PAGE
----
Your baby is walking! It's time for some baby shoes! Today, more than ever, there are incredibly cute options for baby walking shoes available, from lots of brands in many different price ranges. Before you buy, though, check out these tips to be sure you get a pair of shoes that will help, not hinder, your baby's walking experience. Babies will find plenty of things to trip over, so be sure their shoes aren't part of the problem.
When baby is walking, don't forget to double-check your childproofing, too.
When to Buy Baby Shoes
If your baby is starting to take a few steps, it's time. It's fine to let your baby learn to walk without shoes if you prefer. In fact, it might even be easier for your baby to figure out those wobbly first steps without shoes. There are times, though, when it's dangerous or just plain gross for baby to go barefoot, so it's a good idea to have at least one pair of shoes available once your baby is officially on the move.
What Kind Should I Buy?
Cute ones, obviously! Right? In addition to cuteness, baby shoes should be very soft, and they should have flexible soles so that baby can use his or her feet properly for balance. Non-skid bottoms are a good idea, but remember that baby won't be scaling mountains just yet, so you don't need anything too thick.
If you choose high-tops or boots, make sure they're still very flexible around the ankles, so movement isn't restricted. Breathable materials are also a must. You'd be surprised at how gross those sweet baby feet can smell inside a sweaty shoe.
- Adorable Baby and Toddler Sunglasses
If the Shoe Fits....
Baby shoes shouldn't need a break-in period, nor should you buy them big in hopes of getting more wear out of them.
Try some different pairs of shoes on your baby and walk around the store a bit. Watch how your baby walks in the shoes. Do they seem to hinder movement? After walking, when you take them off, are there any red spots or pinched areas? You should be able to put your pinky finger in between the heel of the shoe and the baby's foot, and there should be about a thumb-width between baby's toes and the end of the shoe.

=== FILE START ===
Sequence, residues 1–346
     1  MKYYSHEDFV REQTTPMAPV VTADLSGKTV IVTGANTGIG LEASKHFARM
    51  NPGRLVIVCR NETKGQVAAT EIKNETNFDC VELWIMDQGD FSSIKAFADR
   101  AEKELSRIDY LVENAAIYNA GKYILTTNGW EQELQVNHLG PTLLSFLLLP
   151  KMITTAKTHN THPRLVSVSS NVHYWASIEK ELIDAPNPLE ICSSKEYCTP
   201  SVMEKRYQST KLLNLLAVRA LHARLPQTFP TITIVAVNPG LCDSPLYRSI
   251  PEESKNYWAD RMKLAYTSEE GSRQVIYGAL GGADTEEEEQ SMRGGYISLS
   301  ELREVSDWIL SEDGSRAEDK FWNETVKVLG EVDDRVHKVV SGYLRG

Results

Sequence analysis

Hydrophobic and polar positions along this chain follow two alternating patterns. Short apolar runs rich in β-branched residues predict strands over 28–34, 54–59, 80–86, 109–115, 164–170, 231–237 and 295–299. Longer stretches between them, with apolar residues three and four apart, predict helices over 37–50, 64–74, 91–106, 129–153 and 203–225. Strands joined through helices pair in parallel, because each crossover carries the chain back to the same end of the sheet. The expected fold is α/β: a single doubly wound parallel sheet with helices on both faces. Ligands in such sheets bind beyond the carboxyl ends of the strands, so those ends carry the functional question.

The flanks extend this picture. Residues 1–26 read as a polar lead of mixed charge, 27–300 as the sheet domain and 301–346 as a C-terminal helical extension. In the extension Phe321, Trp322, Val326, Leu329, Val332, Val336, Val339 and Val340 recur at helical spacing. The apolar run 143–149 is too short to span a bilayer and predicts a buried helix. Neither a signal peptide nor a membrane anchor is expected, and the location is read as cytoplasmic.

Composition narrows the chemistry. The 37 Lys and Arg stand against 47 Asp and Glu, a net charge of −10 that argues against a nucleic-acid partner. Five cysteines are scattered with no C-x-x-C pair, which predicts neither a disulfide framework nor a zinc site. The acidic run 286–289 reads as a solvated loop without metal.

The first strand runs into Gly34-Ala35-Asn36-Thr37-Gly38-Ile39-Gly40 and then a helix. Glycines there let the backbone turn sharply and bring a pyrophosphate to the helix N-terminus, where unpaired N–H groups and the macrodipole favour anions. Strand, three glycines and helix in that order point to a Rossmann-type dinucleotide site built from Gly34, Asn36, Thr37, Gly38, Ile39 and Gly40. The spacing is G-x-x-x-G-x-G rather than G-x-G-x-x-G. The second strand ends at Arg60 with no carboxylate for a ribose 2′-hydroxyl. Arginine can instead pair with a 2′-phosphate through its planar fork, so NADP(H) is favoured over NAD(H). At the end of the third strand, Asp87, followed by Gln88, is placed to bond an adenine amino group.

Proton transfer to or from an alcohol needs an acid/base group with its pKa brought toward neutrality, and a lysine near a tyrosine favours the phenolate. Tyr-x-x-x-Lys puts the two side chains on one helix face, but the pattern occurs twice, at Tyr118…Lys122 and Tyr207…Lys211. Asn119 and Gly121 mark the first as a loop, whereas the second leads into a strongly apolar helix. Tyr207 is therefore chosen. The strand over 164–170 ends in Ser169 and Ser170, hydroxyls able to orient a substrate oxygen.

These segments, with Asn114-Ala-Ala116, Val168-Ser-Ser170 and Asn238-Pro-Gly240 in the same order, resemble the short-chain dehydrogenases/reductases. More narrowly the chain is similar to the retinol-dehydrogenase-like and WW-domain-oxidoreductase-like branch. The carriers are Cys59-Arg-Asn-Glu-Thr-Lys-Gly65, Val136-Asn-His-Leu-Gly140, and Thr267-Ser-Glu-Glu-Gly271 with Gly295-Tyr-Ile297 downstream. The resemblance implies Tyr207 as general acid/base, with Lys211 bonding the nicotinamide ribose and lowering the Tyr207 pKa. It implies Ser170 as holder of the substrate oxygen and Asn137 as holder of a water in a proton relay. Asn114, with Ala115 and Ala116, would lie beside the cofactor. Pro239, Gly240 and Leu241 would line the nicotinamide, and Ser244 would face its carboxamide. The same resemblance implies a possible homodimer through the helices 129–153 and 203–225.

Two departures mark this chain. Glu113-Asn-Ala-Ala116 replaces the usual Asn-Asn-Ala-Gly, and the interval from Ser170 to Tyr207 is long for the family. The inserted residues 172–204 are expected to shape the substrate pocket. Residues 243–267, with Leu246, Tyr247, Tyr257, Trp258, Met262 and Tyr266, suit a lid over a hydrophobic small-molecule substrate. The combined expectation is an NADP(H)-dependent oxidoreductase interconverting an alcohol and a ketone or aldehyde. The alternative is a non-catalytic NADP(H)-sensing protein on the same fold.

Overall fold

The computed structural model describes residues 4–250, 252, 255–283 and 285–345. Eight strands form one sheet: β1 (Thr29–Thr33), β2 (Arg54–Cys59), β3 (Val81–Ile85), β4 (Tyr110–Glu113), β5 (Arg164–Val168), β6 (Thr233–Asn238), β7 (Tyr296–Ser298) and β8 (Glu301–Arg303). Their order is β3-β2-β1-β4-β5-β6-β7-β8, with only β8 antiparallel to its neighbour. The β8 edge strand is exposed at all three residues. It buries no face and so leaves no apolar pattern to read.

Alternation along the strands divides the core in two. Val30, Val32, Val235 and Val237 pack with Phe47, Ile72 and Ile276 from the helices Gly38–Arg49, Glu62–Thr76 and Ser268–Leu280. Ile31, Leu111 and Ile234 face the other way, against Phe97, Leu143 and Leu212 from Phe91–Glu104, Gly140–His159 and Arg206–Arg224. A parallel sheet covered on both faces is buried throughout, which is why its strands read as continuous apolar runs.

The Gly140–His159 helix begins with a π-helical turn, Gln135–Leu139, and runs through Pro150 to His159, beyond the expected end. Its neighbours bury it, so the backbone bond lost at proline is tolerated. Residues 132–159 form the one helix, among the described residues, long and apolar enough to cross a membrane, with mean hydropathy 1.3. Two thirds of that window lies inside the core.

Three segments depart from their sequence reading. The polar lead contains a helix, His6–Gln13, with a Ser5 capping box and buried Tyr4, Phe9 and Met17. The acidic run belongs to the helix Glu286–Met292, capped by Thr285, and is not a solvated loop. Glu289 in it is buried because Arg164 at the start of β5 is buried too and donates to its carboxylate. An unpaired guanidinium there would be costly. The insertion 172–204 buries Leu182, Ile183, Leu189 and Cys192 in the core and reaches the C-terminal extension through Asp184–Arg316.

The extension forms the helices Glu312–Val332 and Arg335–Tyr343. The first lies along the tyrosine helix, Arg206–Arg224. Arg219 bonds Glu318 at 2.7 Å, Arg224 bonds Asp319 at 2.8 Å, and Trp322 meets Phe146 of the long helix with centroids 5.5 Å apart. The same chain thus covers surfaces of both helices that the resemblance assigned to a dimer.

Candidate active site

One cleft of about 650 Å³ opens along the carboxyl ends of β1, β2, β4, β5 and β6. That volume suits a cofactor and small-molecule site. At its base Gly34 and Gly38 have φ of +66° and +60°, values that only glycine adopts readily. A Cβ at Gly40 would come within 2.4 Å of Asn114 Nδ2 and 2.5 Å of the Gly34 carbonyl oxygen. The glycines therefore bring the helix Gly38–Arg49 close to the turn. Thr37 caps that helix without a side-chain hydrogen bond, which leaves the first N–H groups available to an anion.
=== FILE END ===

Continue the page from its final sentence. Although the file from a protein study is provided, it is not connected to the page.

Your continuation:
Make sure you try on the shoes with the type of socks baby will wear most often. With little feet, a thicker sock can mean the difference between a shoe that fits and one that doesn't.
Laces or Velcro?
Laces do need to be re-tied a lot, which may send parents in search of Velcro baby shoes. Lace-up shoes are harder for babies to take off, but Velcro is easier to figure out for the young mind, so be prepared for baby to learn to remove Velcro shoes fairly quickly. Try tying the shoelaces a few times in the store. You'll be tying and re-tying these shoes a lot, so be sure the laces are long enough and easy to work with.
If you choose a slip-on shoe for baby, put the shoe on a few times in the store to be sure it slips on easily for dressing but doesn't fall off when baby walks. Slip on shoes are especially prone to fit trouble if you switch sock thicknesses, though.
Choose an Ideal Shopping Time
Since you're going to ask your baby to play shoe model and walk around the store a bit, it's a good idea to plan your shoe adventure around nap times and meals. You don't want a tired or hungry baby having a meltdown as you're trying to put shoes on those little feet. Think about times of day when your baby is most likely to be happy. Hopefully, that isn't at midnight!
How Often Should I Buy Shoes?
After a while, you may feel like you could build an addition out of practically new, but outgrown, shoes. Check the fit of your baby's shoes often. All babies grow at different rates, but you can expect to buy shoes in bigger sizes at least every four to six months through the first toddler years. Some kids may require bigger shoes almost monthly for a while if they have several growth spurts in a row. Check for signs of wear on the shoes and be ready to replace them if the bottoms crack or if there are holes in top or sides. This becomes a bigger issue as your child gets older. Most baby and toddler shoes don't see enough wear to fall apart unless you've passed them down to a sibling.